Looking back, three nights was probably a bit much to stay in the middle of the desert at the beginning of summer, but I would totally go back again for another couple of nights and experience those second two days all over again. The staff at Caravanserai were exceptional and I would highly recommend it to anyone looking for a magical glamping experience. If I had more money, I probably would have taken a tour or hired a car, simply because I felt like there were a couple of things on the way into the Sahara I would have loved to stop and look around at.
Most of the tours there appeared to stay one night in a desert hotel, tour for the day, then ride a camel into a glamping site. If this sounds good to you here a few highly recommended on Tripadvisor.
Supratours also runs a night bus from Fes to Merzouga, stopping in most of the major towns along the way including Rissani and Errachidia. The Supratours station is opposite the Fes train station (Gare de Fes). From there you can buy a one-way ticket from Fes to Merzouga for 190DH. The bus departs at 1930hrs and arrives in Merzouga around 0530hrs.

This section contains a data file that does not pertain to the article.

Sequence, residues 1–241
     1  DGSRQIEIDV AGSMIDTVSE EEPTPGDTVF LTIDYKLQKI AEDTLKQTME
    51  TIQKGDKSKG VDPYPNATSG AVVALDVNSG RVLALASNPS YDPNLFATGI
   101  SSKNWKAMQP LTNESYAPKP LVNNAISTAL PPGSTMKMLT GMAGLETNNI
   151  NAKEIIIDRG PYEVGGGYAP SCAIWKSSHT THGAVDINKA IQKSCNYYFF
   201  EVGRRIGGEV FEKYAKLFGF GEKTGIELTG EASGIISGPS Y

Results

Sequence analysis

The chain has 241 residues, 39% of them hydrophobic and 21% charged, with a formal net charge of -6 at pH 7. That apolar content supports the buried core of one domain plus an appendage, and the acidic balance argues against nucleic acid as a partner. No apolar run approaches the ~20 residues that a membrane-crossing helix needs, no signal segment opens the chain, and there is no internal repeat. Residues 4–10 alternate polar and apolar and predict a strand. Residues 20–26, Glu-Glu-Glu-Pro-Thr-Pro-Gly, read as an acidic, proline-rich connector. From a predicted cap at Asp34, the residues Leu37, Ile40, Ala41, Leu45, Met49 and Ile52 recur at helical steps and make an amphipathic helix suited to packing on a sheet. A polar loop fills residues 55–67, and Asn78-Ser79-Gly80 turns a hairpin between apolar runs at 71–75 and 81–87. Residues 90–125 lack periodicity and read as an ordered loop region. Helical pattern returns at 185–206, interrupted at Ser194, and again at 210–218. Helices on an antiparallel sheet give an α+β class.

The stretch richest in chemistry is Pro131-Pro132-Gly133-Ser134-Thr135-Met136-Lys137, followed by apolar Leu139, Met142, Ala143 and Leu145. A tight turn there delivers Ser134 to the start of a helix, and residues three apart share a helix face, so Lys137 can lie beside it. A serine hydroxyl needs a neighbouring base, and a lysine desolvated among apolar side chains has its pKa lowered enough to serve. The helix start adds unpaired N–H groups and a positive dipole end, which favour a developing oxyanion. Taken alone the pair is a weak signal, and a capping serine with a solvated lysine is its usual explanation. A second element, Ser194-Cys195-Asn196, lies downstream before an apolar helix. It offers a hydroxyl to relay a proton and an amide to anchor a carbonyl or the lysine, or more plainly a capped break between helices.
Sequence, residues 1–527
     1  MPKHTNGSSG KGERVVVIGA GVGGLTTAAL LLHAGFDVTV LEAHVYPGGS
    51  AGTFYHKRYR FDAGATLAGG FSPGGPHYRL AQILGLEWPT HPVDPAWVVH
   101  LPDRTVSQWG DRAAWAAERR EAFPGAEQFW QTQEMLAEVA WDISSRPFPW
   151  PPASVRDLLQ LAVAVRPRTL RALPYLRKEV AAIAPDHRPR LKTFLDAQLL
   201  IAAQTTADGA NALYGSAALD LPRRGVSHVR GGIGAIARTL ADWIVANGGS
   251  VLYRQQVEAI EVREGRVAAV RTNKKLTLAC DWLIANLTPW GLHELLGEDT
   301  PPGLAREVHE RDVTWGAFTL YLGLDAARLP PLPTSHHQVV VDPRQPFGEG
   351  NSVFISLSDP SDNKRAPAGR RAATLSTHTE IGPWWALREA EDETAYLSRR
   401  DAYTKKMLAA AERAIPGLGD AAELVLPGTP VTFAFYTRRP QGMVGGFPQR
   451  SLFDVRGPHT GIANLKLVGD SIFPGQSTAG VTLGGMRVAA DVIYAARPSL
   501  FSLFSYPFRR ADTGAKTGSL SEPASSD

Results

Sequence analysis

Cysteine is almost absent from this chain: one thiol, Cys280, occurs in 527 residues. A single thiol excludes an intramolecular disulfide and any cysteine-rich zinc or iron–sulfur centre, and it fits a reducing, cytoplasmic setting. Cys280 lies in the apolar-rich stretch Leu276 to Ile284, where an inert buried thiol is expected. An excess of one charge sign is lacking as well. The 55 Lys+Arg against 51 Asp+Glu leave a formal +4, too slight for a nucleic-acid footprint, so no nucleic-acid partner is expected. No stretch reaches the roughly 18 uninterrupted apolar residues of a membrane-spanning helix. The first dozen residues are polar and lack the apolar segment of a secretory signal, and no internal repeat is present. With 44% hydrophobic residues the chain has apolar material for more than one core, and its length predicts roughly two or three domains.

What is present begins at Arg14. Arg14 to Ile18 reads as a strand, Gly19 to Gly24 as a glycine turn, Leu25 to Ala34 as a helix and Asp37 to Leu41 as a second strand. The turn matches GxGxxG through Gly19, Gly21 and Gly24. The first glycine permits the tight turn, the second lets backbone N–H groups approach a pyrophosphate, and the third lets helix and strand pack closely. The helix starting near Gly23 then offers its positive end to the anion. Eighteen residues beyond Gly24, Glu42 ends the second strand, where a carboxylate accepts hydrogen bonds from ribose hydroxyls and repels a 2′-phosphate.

The buses were comfortable and safe feeling. It did get freezing cold with the air-conditioning however so bring something warm to wrap up in.
More info can be found here
My tour guide.
If the idea of a cold beer in the Sahara sounds good to you, contact Hassan: firstname.lastname@example.org
He speaks Spanish, french, Arabic and English.
– A book. You’ll have some downtime in the evenings and poolside. I can highly recommend “The Alchemist” if you want to feel truly immersed in your surroundings.
– Be sure to check temperatures before you go. Bring warm clothes for shoulder seasons and winter (gets incredibly cold at night when it’s not summer) and comfortable, loose, covering, light coloured clothes for the summer/ daytime.
– A headscarf, more for practical reasons than for cultural, protect your head and face from sand and sun.
Eat well, travel well, live well.